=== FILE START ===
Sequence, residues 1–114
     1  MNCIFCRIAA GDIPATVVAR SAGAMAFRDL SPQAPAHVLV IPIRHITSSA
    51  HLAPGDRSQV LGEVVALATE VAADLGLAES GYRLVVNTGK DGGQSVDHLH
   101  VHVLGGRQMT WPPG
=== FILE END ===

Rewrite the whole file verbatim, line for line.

Sequence, residues 1–114
     1  MNCIFCRIAA GDIPATVVAR SAGAMAFRDL SPQAPAHVLV IPIRHITSSA
    51  HLAPGDRSQV LGEVVALATE VAADLGLAES GYRLVVNTGK DGGQSVDHLH
   101  VHVLGGRQMT WPPG